However, sonar waves used by the Army – or air guns’ waves for offshore exploration for oil gas and minerals) - are responsible for bleeding in the inner ear of cetaceans and in the region of the lower jaw, as well as for fractures organs causing internal bleeding.

 Nearly 50 whales beached themselves off Tasmania, January 23, 2009
Nearly 50 whales beached themselves off Tasmania, January 23, 2009
© Internet

Animals die a slow death. Some of them lose their strength on the shores. Maybe they approach the land as a way to reach safety?

To understand a little better what these animals are enduring, imagine a comparable scenario: you are in the street and suddenly you hear a noise that makes you lose your sense of direction. The sonar’s intensity is stronger than a jet’s take-off. And it lasts several hours and not a few minutes. Feel your bones and flesh in your body vibrate because of the noise; your ears start bleeding. Since the noise generated by the sonar saturates the oceans for hundreds of miles by creating acoustic barriers is insurmountable for cetaceans, you cannot escape...

Research programs on cetaceans exist, but it is very difficult to have an independent study. In the United States, for example, the Navy funds research programs in marine biology. Only such studies would determine precisely the role of human activities in these strandings and the causes of the disappearance of these marine animals. But no chance to get the truth, as funding only comes from those directly involved…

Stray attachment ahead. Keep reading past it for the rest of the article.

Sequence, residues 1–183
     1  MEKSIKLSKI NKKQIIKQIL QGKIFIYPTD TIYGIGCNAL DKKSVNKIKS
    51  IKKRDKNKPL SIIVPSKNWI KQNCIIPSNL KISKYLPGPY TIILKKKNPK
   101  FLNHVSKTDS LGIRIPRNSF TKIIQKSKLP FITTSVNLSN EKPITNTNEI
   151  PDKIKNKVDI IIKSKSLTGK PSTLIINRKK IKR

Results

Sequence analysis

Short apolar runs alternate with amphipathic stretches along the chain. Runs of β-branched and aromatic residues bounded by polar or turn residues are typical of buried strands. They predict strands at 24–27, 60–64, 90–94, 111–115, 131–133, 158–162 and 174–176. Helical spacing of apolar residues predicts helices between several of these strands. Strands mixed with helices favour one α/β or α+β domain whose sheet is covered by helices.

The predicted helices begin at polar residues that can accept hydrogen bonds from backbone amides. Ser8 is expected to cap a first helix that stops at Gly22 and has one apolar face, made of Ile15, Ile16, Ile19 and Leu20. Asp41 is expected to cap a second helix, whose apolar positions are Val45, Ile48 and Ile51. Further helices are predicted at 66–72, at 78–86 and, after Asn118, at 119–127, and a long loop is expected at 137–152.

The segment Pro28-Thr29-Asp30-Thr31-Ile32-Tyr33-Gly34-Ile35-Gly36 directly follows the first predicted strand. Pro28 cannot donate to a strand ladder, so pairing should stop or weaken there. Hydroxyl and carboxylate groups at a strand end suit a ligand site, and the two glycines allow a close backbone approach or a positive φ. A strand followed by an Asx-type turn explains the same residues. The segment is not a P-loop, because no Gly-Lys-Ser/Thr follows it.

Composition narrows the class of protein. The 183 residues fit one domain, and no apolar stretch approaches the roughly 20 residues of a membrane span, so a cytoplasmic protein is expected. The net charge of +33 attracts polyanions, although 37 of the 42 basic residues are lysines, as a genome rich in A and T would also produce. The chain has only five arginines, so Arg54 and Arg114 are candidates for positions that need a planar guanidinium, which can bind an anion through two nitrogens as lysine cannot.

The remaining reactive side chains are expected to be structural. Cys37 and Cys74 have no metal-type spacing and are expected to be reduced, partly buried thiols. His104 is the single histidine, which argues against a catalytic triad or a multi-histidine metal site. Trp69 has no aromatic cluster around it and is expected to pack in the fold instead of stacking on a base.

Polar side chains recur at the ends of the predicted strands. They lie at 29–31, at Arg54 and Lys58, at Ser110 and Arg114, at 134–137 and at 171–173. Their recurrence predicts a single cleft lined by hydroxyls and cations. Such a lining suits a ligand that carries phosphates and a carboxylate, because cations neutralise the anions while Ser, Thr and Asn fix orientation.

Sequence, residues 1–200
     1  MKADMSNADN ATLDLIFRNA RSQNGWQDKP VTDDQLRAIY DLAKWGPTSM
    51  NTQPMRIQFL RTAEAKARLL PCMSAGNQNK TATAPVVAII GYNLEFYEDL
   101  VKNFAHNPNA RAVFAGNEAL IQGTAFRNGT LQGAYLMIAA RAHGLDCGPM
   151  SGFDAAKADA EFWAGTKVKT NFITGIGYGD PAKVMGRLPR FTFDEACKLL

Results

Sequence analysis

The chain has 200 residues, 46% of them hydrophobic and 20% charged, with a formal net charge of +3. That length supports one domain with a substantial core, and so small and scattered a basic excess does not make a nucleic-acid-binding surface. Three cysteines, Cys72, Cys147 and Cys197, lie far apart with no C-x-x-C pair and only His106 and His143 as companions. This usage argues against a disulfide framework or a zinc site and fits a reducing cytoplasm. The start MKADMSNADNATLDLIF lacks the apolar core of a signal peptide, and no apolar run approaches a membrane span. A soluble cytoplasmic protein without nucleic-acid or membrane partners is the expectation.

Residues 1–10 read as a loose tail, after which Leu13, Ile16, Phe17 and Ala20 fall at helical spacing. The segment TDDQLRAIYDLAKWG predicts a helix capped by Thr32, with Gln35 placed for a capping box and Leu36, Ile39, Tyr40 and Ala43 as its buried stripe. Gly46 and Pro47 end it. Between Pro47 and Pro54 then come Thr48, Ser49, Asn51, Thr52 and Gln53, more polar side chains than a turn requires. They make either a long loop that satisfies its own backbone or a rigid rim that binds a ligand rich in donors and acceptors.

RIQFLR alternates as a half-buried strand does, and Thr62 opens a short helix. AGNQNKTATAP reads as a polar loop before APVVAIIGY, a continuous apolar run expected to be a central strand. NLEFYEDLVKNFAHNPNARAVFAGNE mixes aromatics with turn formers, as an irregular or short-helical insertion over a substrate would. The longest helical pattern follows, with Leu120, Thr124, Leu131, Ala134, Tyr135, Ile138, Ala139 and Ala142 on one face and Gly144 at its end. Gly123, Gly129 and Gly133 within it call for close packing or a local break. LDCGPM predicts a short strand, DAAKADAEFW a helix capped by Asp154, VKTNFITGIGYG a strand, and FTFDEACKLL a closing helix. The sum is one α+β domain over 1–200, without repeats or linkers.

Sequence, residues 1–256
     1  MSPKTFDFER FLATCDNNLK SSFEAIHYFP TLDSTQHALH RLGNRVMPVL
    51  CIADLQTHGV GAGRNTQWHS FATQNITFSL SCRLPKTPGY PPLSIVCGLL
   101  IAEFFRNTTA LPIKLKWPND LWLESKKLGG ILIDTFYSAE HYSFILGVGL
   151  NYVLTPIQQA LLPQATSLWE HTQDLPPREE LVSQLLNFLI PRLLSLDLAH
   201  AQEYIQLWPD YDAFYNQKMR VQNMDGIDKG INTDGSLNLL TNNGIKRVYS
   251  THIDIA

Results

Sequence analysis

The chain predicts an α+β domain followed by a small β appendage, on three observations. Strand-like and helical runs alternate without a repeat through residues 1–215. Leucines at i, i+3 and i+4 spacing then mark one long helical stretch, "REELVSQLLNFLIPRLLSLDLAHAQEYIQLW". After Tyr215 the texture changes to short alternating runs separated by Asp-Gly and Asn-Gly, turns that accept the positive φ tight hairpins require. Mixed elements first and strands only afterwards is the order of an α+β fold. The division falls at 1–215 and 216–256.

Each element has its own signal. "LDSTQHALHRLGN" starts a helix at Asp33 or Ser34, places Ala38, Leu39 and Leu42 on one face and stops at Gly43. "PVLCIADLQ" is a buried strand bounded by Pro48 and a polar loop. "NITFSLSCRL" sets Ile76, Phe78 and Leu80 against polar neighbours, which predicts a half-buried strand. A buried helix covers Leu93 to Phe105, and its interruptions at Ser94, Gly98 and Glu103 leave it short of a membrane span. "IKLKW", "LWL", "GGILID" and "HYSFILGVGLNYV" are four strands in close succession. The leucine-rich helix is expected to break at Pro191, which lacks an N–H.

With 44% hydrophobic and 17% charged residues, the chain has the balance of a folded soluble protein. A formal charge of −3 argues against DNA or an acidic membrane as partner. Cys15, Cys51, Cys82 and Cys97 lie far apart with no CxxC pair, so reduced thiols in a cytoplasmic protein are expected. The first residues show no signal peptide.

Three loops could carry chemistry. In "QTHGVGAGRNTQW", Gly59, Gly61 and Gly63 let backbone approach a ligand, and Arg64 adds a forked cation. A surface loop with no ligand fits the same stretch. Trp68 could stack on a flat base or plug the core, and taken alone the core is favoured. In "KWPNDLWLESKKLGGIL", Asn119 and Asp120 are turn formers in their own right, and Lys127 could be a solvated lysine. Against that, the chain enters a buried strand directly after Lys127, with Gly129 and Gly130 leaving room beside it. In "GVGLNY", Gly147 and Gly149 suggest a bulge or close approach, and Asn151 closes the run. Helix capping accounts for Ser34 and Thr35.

We already know the consequences of noise on cetaceans. They affect all aspects of their lives, such as:

  • Communication: the destruction of their echolocation system creates problems within the clan. Both males and females can no longer join.
  • Education: the young have difficulties to learn the group codes and more often, they end up lost and stranded on beaches.
  • Migration: forced to deviate from their normal routes, individuals of the same group eventually split up. The researchers found stranded cetaceans in places not usually frequented by these animals.
  • The risk of famine: cetaceans are not able to locate their prey and thus feed.

Are there any solutions to reduce the impact of noise in oceans?
YES but, again, this is a political and financial question…

Among the mentioned solutions, here are a few:

The different species of cetaceans
The different species of cetaceans
© internet

- Change the sonar frequency BUT this is not a solution because other cetaceans’ species will be affected since each cetacean species has different characteristics of resonance clean.